If you don't already have a firm grasp for sound nutrition, getting those basics down pat is a great place to start. Dollars are spent on food items that offer very little nutritional value to the consumer, which is a big waste of money.
Processed/convenience foods, while often fairly inexpensive, are usually poor choices nutritionally, and should be left on the shelf.
Fresh food, including grains, meats, veggies, fruit, and dairy provide nutrition, and when you prepare your meals, you control the amount of salt and fat, etc. that goes into the meal.
Grains----oatmeal and other whole grain hot cereals are inexpensive per serving, provide bulk for a healthy digestive system, crude protein, and many vitamins and minerals. Avoid cold cereal.
Meat should always be limited to 3-4 ounces---one of your most expensive components is offset by reducing serving size.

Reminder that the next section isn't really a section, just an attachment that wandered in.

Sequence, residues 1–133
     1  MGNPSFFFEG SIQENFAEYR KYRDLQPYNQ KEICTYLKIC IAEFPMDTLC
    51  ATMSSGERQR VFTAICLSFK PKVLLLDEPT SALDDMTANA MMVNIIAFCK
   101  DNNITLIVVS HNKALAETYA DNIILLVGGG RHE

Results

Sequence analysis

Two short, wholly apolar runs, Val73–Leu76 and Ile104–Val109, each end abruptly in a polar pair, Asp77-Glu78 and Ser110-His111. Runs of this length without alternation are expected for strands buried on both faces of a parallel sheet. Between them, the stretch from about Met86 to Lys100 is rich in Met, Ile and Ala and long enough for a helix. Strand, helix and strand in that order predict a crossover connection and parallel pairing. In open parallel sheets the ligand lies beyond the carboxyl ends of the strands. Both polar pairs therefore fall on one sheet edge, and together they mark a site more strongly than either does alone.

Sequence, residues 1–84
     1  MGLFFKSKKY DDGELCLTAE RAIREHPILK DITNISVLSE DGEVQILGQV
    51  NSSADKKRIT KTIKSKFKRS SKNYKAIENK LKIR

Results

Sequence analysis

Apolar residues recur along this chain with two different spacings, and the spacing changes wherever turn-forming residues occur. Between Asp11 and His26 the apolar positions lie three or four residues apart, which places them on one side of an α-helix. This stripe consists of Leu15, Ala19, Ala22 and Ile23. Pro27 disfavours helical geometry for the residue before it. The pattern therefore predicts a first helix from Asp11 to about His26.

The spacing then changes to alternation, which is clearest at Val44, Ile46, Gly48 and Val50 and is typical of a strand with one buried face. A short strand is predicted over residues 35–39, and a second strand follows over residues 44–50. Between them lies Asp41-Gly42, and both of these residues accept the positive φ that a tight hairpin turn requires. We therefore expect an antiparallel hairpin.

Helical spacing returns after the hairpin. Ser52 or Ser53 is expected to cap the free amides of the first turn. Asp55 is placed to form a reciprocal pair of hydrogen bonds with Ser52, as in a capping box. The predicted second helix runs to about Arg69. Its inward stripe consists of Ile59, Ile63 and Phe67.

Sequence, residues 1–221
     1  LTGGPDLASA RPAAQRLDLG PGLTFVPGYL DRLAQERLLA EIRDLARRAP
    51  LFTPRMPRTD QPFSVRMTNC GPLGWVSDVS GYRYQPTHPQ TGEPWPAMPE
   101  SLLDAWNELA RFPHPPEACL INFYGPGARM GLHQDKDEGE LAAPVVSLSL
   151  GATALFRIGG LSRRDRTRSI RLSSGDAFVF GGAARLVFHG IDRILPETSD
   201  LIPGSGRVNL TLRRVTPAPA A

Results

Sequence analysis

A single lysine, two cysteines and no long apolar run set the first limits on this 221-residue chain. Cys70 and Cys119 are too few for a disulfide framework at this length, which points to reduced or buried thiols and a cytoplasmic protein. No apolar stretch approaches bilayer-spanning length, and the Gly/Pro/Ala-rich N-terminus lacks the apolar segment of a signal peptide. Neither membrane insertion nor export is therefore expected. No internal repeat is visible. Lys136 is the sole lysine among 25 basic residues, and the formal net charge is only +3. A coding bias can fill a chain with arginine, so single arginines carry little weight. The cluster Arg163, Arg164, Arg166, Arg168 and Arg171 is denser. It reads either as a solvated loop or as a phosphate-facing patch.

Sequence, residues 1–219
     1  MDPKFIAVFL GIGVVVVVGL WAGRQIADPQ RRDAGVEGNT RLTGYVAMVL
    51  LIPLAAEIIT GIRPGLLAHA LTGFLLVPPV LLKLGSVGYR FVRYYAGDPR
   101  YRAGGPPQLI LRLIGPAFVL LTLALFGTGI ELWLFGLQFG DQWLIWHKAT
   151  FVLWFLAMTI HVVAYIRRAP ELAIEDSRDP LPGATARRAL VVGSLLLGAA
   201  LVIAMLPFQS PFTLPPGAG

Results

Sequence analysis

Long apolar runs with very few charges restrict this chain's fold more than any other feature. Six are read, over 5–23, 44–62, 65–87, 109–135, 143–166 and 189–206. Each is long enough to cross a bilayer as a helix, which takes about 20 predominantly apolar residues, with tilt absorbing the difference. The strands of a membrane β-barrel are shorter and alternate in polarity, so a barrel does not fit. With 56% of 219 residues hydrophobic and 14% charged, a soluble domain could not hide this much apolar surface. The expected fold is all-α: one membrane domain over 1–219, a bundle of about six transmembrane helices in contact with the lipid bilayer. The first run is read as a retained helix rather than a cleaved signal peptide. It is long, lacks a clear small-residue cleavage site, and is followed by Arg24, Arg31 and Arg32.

you have discovered chicken thighs. Buy meat on sale and fill your freezer. I always cruise the mark-down section in the meat case and find great deals.
Pork is quite reasonably priced most of the time. Fish from the freezer case (plain fish fillets) is usually reasonably priced compared to the fresh fish on ice.
Beef cuts, such a london Broil, are fairly inexpensive, have little waste, and once marinated and grilled can be made into lots of different things--sliced thin and used in sandwiches, salad, burritos, soup, etc. So one purchase can feed you for several meals. Avoid lunch meats.
Eggs are cheap and a great protein source
Cheese, while expensive, is nutritious and delicious, and an ounce or 2 is a serving---so a big brick will last a long time.
Pasta---always inexpensive, filling, and nutritious. Very versatile, too.
Fresh produce is nutritious. Buy fresh fruit rather than juice.
Milk, while more expensive than it used to be, is nutritious, and still cheap compared to the number of servings/gallon.
Prepare your own meals with fresh ingredients. It will pay you back in many ways.